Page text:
The whole thing. I have a much easier time writing a novel than short fiction. When I do write a short story, the idea comes to me in a burst, and I have to get as much of it down as I can in one sitting. I go back and edit, of course, I try not to overwork it or over-think it. The essence of short fiction is to pare the story down to its essentials. Short stories feel like sculptures to me. Michelangelo said he carved away the marble to reveal the figure within, and that’s how I feel about writing a short story. So much has to be whittled away from a short story to make it slim and elegant and cohesive, with every word contributing to the effect of the whole. 

What advice would you give to a prospective short story writer?

Read widely. Read Poe, definitely, the father of the short story. Pick up a college freshman English anthology. That’s where I read a broad range of short stories, with themes I never would have read before, as I mostly stuck with science fiction short stories in high school. Study how the great short story writers managed to delineate their themes in just a few strokes.

Which of your short stories should we read first and why?

My favorite is the last one I wrote, Red Guitar. It was the first time I ever wrote something really close to my emotions. The story is about my father, who died on Christmas Day many years ago now, and a photo of him with a Christmas present he cherished. Although like everything I write, it has a supernatural twist. It made my mom cry, so I guess I did something right.


Where can readers find you, Donna?

The Color of Darkness and Other Stories:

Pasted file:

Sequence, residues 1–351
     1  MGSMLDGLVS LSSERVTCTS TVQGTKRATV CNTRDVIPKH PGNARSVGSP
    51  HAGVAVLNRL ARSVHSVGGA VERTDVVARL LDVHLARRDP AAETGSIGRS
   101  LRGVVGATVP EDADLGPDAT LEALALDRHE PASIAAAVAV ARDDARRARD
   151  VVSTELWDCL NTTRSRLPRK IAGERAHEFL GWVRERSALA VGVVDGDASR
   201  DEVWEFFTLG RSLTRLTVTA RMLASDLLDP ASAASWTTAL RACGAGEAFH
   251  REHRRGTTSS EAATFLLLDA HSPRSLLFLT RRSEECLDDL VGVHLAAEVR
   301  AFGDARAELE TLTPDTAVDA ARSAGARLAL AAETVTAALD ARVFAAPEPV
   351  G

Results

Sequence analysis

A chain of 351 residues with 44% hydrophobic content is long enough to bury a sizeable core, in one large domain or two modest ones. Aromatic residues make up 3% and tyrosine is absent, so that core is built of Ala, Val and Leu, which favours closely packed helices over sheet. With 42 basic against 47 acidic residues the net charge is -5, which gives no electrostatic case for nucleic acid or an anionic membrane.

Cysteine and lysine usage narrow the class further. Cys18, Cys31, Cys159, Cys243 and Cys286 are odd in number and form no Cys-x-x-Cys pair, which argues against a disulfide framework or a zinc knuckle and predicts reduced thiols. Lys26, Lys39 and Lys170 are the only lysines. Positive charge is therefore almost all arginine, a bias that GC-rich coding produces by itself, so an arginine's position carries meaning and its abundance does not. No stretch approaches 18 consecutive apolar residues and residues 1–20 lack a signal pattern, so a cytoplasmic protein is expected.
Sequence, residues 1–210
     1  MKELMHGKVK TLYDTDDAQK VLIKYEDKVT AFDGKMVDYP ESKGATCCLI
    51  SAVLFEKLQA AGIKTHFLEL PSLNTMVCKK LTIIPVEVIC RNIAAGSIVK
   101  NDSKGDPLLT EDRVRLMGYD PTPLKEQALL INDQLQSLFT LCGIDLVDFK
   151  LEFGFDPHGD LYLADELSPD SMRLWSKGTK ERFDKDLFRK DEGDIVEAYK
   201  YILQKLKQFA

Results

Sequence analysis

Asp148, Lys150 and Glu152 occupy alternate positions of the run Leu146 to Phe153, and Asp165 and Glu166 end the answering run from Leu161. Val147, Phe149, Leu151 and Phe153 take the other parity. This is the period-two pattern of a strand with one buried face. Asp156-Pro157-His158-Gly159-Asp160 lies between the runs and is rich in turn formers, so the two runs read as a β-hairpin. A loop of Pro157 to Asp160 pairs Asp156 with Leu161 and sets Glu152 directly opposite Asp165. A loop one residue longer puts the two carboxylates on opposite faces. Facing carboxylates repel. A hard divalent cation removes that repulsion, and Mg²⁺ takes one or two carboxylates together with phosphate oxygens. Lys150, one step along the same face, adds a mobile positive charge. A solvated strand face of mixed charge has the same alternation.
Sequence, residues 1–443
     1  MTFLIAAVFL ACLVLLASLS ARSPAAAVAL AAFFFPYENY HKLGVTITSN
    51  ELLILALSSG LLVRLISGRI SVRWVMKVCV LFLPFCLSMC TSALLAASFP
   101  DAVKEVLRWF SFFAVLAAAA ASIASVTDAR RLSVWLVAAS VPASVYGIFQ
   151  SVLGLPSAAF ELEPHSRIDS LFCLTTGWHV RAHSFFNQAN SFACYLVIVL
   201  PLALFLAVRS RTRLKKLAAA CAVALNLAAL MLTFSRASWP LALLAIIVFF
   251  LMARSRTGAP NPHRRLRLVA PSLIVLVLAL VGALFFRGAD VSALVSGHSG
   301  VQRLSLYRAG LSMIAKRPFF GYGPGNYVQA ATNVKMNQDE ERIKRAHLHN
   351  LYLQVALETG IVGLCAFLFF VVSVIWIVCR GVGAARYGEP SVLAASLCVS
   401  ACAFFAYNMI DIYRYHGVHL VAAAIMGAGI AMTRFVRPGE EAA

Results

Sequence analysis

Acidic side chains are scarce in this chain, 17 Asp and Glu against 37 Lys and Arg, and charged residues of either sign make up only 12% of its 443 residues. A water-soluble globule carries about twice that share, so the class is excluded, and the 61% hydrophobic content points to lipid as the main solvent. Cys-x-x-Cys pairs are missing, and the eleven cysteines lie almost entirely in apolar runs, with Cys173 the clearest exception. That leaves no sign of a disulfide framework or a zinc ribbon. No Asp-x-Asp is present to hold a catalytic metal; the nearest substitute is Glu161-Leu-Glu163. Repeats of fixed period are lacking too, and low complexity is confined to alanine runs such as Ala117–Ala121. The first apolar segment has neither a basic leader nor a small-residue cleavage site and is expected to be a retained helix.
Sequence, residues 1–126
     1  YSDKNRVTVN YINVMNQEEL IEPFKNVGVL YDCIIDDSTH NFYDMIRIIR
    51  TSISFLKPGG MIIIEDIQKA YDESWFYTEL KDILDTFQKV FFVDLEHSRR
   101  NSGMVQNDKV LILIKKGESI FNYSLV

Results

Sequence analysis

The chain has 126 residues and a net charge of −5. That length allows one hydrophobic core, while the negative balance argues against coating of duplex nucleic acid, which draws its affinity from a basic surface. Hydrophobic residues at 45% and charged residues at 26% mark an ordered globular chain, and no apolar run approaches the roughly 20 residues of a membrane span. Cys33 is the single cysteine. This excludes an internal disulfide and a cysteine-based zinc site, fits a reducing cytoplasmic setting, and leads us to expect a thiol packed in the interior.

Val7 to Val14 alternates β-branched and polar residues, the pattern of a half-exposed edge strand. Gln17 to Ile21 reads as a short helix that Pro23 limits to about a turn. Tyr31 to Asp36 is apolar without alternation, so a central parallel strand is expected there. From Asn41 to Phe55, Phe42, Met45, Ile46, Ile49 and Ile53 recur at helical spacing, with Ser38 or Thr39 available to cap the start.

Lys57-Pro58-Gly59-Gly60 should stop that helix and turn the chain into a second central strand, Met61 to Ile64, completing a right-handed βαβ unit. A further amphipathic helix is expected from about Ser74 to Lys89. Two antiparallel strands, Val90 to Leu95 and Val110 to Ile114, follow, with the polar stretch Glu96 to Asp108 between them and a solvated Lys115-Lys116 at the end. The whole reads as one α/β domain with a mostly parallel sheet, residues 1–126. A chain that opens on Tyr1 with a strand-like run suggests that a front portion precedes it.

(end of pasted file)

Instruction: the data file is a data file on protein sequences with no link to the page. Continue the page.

“Red Guitar” is also featured in An Alexandria Winter Story Collection
Smashwords



11 comments:

  1. Donna - Now I just have to read Red Guitar - yes - I'll bring my own Kleenex box.

    Thanks

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    1. I'd love to have your reaction to it, Rik!

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  2. Two of my favourite writers on one page = a real win for me! :)

    I love Donna's writing. In this interview,she's really nailed the essence of writing short fiction.

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  3. I heartily agree with Donna's comment that the most difficult part of writing short stories is the whole thing. Great blog, Donna.

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  4. Donna, you're a girl after my own heart, I love to write books with a paranormal bent. Your interview was very interesting. And I'm sure you've learned what a wonderful gal Linda Hall is. :)

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  5. Thanks so much, Lina! Yes, Linda Hall is indeed wonderful!

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  6. Linda, thank you so much for hosting me on your blog. I enjoyed it!

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  7. Great interview, ladies! Donna, it was a pleasure to "meet" you!

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  8. Hi Donna,
    Great interview. I totally love your statement: "Michelangelo said he carved away the marble to reveal the figure within, and that’s how I feel about writing a short story." You've provided a wonderful visual to the short story writing process!